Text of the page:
With the passing of time the professionalisation of socialisation expanded from children towards re-educating parents. Mead hoped that socialisation would soon assume a form where adults not only learnt from their ancestors and peers but also their children.556 In this way, the pre-existing notion that parents had little to teach their children was supplemented by the assertion that parents could and should learn from their children. In some instances, since the 1970s, some educators have encouraged children to wean their parents away from outdated prejudices and to adopt the latest wisdom provided by expert authority. The outcome of this development is the encouragement of socialisation in reverse.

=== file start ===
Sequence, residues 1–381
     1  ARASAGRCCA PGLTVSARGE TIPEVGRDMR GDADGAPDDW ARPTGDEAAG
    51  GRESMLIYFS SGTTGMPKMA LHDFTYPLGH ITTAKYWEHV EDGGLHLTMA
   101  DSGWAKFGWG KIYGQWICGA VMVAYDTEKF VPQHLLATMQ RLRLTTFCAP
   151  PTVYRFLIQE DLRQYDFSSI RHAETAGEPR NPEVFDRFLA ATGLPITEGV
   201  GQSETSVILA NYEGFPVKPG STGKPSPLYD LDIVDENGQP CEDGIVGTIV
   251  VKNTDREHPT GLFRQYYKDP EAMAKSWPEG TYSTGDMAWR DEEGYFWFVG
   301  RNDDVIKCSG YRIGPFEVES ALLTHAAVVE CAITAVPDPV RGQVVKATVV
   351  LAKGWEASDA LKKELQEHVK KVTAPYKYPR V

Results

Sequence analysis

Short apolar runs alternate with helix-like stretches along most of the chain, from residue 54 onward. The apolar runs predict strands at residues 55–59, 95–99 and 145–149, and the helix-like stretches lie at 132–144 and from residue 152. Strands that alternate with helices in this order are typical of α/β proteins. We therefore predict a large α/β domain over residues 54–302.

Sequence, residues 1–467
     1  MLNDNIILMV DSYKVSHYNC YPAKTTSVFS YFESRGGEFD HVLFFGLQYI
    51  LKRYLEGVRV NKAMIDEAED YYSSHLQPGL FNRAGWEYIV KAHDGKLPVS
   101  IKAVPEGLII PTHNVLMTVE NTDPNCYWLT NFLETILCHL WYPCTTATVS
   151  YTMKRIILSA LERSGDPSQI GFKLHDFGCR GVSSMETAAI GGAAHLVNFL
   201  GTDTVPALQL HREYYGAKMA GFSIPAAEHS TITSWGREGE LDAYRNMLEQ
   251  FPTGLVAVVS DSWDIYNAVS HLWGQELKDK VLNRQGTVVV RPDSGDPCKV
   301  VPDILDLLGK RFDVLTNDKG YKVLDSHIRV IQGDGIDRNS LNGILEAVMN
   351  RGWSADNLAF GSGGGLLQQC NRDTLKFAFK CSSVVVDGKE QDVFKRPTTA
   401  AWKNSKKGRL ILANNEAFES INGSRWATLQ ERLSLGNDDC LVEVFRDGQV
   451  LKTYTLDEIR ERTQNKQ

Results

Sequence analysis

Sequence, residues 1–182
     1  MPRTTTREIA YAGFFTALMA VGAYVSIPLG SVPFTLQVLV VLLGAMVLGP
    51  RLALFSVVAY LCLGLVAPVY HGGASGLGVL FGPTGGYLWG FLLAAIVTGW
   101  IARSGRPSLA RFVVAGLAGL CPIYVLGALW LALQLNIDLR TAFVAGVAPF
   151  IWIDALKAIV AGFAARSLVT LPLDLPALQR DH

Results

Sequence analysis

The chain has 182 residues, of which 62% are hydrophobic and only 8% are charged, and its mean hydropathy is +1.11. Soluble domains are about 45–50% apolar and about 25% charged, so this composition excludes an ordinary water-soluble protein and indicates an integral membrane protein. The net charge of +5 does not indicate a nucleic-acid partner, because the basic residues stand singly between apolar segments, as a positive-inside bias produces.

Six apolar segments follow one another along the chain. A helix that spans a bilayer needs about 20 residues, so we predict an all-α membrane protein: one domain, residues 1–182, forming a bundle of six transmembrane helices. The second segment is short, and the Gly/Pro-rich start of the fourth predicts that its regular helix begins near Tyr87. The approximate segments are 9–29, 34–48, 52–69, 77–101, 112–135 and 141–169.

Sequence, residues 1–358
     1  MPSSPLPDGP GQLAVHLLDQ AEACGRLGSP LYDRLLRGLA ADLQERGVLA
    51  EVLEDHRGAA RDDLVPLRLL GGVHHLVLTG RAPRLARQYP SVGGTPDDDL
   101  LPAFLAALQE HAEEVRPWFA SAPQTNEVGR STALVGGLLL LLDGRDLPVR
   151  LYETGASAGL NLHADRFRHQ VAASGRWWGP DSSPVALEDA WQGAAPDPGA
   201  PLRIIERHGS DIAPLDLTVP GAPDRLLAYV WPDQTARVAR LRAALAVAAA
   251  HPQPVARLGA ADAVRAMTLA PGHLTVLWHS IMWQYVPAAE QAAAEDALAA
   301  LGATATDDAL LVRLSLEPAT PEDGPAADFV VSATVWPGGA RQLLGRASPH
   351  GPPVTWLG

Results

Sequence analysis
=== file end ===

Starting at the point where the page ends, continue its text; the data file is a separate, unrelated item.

Socialisation in reverse is the logical outcome of the pathologisation of socialisation. This approach is often promoted in schools and institutions of higher education. The British sociologist of education Basil Bernstein, arguably the most profound thinker on this subject, developed the concept of invisible pedagogy to account for the way that some schools distance children from their parents. Invisible pedagogy relies on implicit forms of teaching and indirect instruments of control. He saw it as ‘progressive and revolutionary’ but also a ‘colonising movement in its relationship to parents’ as the child becomes ‘abstracted from his family’.557 Invisible pedagogy not only distances children from their parents, but in more recent times has encouraged young people to re-educate their parents. Historically the use of schools to re-socialise parents was focused on immigrant children and their families in North America.558 Since the 1980s teachers have sought to motivate children to encourage their parents to alter their behaviour in relation to the environment, healthy living and eating, and a variety of other concerns.